As Illinois explores the possibility of legalizing cannabis for recreational use, the state’s six Catholic bishops say they’re urging lawmakers to say "no."
In a press release, the bishops said they are "committed to the common good, and therefore advise against legalization." Citing research that finds cannabis is addictive, they say legalizing the drug for recreational use will only add to substance abuse issues already prevelant in society.
Bob Gilligan, the executive director of the Catholic Conference of Illinois, called cannabis a "gateway drug" and said it would not result in a "net positive" for the state.
"It is already out there, but more of it doesn't make it better," said Gilligan. "More marijuana, more enticement from corporate interests and those who can profit off it doesn't make society better off. I think the whole premise is wrong."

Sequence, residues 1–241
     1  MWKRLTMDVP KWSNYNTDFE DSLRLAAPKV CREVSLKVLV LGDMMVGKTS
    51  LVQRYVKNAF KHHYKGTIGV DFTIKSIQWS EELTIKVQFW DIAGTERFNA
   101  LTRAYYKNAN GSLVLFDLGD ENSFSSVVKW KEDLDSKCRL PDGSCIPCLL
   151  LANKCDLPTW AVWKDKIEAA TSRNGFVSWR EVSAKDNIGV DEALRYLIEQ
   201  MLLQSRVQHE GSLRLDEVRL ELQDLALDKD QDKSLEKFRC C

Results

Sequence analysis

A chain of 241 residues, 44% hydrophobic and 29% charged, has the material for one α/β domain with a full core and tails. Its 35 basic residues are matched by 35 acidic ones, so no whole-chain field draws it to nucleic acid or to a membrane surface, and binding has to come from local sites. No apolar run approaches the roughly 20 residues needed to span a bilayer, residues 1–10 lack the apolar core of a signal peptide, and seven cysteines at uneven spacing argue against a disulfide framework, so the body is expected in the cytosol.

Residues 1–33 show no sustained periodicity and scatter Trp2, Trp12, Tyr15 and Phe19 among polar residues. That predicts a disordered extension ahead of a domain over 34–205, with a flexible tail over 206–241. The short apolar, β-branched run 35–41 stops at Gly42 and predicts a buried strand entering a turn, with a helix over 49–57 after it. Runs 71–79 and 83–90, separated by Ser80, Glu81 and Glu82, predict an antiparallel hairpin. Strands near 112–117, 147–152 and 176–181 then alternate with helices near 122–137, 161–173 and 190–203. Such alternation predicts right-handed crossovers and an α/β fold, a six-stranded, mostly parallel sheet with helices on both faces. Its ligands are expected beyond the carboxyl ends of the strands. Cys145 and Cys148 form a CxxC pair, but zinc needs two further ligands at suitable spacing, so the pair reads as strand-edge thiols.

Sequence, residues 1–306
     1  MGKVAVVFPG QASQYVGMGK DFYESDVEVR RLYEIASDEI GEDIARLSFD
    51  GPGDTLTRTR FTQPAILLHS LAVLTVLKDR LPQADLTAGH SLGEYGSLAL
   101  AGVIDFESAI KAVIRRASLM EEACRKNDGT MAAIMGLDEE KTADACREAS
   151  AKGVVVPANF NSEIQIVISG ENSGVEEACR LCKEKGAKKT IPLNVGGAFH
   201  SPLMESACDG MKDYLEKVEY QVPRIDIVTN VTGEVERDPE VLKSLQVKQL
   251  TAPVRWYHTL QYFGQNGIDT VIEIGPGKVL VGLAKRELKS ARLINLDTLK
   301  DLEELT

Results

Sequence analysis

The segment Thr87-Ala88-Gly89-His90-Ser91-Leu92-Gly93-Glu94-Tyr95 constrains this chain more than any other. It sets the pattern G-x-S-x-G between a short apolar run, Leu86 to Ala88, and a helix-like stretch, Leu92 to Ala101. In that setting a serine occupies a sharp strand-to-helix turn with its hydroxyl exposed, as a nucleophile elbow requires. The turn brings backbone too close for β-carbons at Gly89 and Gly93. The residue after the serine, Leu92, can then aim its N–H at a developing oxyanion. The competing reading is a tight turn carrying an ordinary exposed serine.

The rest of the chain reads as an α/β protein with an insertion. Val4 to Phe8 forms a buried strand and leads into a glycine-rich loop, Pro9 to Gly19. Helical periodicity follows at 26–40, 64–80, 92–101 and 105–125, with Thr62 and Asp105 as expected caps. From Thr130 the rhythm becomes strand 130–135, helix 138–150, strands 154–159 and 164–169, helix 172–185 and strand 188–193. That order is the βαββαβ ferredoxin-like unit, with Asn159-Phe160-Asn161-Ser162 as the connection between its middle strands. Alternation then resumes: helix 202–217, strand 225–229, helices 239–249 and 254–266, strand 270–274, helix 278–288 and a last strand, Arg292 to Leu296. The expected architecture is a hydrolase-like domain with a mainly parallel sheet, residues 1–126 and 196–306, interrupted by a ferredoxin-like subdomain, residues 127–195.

Advocates for legalization argue, hundreds of thousands of people already use cannabis and a state-run program will make the products safer and shrink the black market. They also propose using some of the tax dollars for education campaigns to let the public, and especially youth, aware of the potential dangers of the drug.
But Gilligan asked, if this is the case, then why legalize?
“If the legislature has to use revenue to support programs to urge people not to use marijuana, or if they use it, how to get off it, it begs the question as to why are we doing this at all.”
Lawmakers have yet to file any legislation, but did host a round-table discussion last week in Springfield to discuss questions and concerns from the public.